Why it is a bad idea to do function calls on injected services during instantiation in Drupal 8

Today I was tracking down a strange issue with a form submission and validation, which finally turned out to be the consequence of an unobvious wrong function call inside a class constructor.

While I was trying to solve a minor cosmetical bug within Drupal Commerce checkout flow configuration UI, I was experiencing strange problems on form validation and submission like:

Fatal error:  Call to a member function submitConfigurationForm() on integer in /var/www/drupalvm/web/modules/commerce/modules/checkout/src/Plugin/Commerce/CheckoutFlow/CheckoutFlowWithPanesBase.php on line 457

I knew, that yesterday it worked without problems, And Bojan from Commerce Guys witnessed, that he can't reproduce this bug at all on a clean install. The only clear difference were my custom checkout panes, that I have developed so far. So I removed them all at first, asserting that the form was still working. Then I started to re-add them one by one, until I've found the errorneous one. I was debugging through different stages of form building, validation and submitting, seeing strange things, like broken form validation callback declarations and wrong properties of the form state, carrying arrays of my checkout pane's properties instead of the instantiate pane object itself.

After I removed several functions of my pane and completely eroded the internals of the only abstract function a pane has to implement, the error still occurred. I checked the class annotations for the xth time - everything ok. The only remaining stuff was the constructor and static factory method, that injects the needed services into my plugin. So I removed them all at first, and BOOM! No error anymore.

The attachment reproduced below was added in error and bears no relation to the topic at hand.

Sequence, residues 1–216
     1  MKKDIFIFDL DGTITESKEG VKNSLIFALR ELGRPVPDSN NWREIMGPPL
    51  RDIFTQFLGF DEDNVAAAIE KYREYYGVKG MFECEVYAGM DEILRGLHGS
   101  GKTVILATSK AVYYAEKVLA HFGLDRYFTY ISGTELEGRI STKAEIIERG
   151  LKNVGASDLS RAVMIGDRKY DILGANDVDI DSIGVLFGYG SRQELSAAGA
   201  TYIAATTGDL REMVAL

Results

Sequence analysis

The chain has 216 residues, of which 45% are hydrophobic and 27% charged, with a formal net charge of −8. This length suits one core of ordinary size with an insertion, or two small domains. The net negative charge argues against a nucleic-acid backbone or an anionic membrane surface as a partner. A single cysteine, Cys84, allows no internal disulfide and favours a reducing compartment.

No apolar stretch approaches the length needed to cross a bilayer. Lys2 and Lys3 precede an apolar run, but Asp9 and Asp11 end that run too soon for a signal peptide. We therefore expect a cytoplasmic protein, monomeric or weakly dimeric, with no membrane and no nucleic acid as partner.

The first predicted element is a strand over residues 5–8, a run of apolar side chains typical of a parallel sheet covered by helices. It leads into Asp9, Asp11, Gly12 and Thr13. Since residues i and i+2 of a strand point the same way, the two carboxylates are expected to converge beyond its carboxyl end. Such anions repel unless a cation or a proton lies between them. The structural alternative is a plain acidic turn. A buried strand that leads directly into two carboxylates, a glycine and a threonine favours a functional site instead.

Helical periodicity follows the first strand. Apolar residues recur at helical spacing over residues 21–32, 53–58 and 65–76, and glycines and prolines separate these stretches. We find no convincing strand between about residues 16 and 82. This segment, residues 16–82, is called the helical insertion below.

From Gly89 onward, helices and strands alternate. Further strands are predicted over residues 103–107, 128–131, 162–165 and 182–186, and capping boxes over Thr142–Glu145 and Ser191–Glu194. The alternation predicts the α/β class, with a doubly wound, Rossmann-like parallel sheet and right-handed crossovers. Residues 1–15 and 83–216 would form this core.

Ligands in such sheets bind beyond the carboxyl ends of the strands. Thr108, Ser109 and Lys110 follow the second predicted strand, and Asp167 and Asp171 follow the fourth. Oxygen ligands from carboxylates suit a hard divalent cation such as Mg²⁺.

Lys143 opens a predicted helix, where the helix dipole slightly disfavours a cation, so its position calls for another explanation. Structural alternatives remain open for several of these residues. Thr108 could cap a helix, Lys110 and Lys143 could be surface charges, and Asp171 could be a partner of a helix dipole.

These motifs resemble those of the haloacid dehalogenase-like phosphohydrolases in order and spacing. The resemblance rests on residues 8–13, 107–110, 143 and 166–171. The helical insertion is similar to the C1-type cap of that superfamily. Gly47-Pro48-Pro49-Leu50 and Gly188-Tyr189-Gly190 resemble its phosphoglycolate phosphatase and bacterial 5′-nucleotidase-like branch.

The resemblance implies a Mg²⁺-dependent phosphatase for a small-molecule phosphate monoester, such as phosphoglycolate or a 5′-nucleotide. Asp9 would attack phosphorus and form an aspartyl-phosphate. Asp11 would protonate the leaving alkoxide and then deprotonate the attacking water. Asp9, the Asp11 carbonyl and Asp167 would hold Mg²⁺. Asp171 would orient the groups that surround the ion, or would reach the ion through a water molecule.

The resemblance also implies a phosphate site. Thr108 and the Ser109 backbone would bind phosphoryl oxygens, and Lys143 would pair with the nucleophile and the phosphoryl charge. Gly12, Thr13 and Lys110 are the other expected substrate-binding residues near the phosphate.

So I started to re-add the services one by one: the entity type manager, the renderer and the logger factory. And now I saw, what I've done wrong. As I didn't want to write $this->loggerChannelFactory->get('channel_name')->warning('message'), but instead preferred to use $this->logger->warning('message'), I did the following:

As I found it an overkill to declare another custom service to directly inject a specific channel as described in the official documentation, I decided to inject the logger factory, but call the getter function on it to retreive a specific channel during instantiation - calling $container->get('logger.factory')->get('channel_name') inside of the factory function.

The really mean thing here is, that it basically works. There's absolutely no problem during checkout at all. But it turned out, that it is getting a problem inside the configuration form, where the pane objects are also instantiated. And the part, where the settings are changed, is called via Ajax. I guess, that the Ajax call was the reason, why the problem arised here and not during checkout.

Finally I've changed to set the channel factory as a class property of my plugin and do $this->loggerChannelFactory->get('channel_name') instead and the errors were gone.

Lessons learned

  1. Never do function calls on injected services during instantiation of a plugin, when the plugin is loaded during an Ajax form callback.
  2. Better: never do function calls on injected services during instantiation of a plugin at all. Try to find a better way. Only do it, when you really know, that the underlying is unproblematic - the given example call itself is calling other services, which is/can be problematic.

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